Igaku Kyoiku / Medical Education (Japan)
Online ISSN : 2185-0453
Print ISSN : 0386-9644
ISSN-L : 0386-9644
Volume 41 , Issue 6
Showing 1-7 articles out of 7 articles from the selected issue
  • Ryusuke AE, Masanobu OKAYAMA, Sayaka SEKINE, Taro TAKESHIMA, Eiji KAJI ...
    2010 Volume 41 Issue 6 Pages 403-410
    Published: 2010
    Released: March 27, 2012
    JOURNALS FREE ACCESS
    Owing to shortages of primary-care physicians, increasing their numbers has been recognized as an urgent issue in Japan and other countries. However, it is unclear which factors in medical education influence the decision of residents to go into primary care. We investigated the factors associated with residents' choosing to practice primary care.
    Of 281 randomly selected medical facilities designated as residency training hospitals, 137 facilities answered. Self-administered questionnaires were completed by 724 residents in the third or fourth postgraduate year. Responses were compared between residents who intended to choose a career in primary care (n=175, 24.2%) and residents who intended to choose a career in other specialties (n=549, 75.8%).
    In addition, for residents who had intended during their undergraduate years to enter a non-primary-care specialty (n=442, 61.1%), responses were compared between those who now intended to go into primary care (n=33, 7.5%) and those who did not (n=409, 92.5%).
    Residents who had planned during their undergraduate years to choose a career in primary care (adjusted odds ratio [95% confidence interval]: 9.85 [6.24-15.5]), residents who were working as primary-care physicians at the time of the survey (7.58 [4.92-11.7]), and residents who wanted to enter rural practices in the future (2.24 [1.36-3.68]) were significantly more likely to plan to choose a career as a primary-care physician in the future.
    Residents who had worked at a rural practice during residency training were significantly more likely to change their career plans from other specialties to primary care (crude odds ratio [95% confidence interval]: 2.18 [1.05-4.49]). Exposure to a rural practice during residency training may affect residents' career plans.
    Integrating rural primary-care practice into residency training may help increase the number of primary-care physicians in the future.
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  • Yuka YAMAZAKI, Itsuko HORIGUCHI, Eiji MARUI
    2010 Volume 41 Issue 6 Pages 411-416
    Published: 2010
    Released: March 27, 2012
    JOURNALS FREE ACCESS
    1) Physicians who graduated from medical school less than 5 years earlier hoped that they could be satisfied with both their work and private life. They considered the choosing of a specialty suited to their lifestyle to be a strategy for continuing to work. Previous studies have suggested that this idea is specific to this generation.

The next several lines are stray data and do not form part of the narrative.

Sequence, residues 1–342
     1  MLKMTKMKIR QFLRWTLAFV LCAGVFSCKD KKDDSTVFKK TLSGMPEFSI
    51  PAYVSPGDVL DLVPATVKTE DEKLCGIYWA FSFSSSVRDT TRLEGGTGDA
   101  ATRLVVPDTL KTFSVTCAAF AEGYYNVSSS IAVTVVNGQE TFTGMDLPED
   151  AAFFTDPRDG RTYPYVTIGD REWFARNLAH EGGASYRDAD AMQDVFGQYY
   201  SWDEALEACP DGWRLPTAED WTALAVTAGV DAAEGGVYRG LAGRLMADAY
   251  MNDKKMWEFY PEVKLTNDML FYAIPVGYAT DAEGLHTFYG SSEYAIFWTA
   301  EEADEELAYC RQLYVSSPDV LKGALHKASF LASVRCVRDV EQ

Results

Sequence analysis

2) Physicians who had graduated more than 31 years earlier had entered a medical university at a time when female students were rare; they continued to work with the belief that they must work hard so that female physicians could be seen to be actively employed. However, some of them had regrets about working continuously or child rearing.
    3) The problems that female physicians faced concerning gender discrimination, child birth, and child rearing were common among both age groups.
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  • Ippei YAMATO, Tomoichi OHKUBO, Kagemasa KAJIWARA, Yoko KAMEYAMA, Akemi ...
    2010 Volume 41 Issue 6 Pages 417-422
    Published: 2010
    Released: March 27, 2012
    JOURNALS FREE ACCESS
    1) A BLS training program was held for the first-year students of Tokai University School of Medicine in 2007/08.
    2) The training program was based on the objective structured clinical examination. In 2007, our faculty directly instructed first-year students. In 2008, under the guidance of faculty members, fifth-year medical students doing clinical clerkships served as student-instructors for teaching first-year students.
    3) To assess the BLS training program, questionnaires were completed by both the first-year students and the fifth-year students. The results of the survey showed that all students participated in this program with high motivation and intensity. The first-year students rated the guidance given by student-instructors more highly than that given by faculty members. Moreover, the program appeared to be enjoyable and challenging for the fifth-year medical students. Thus, the preceptor-based BLS training program (the Yanegawara method) potentially motivates both first-year and fifth-year medical students.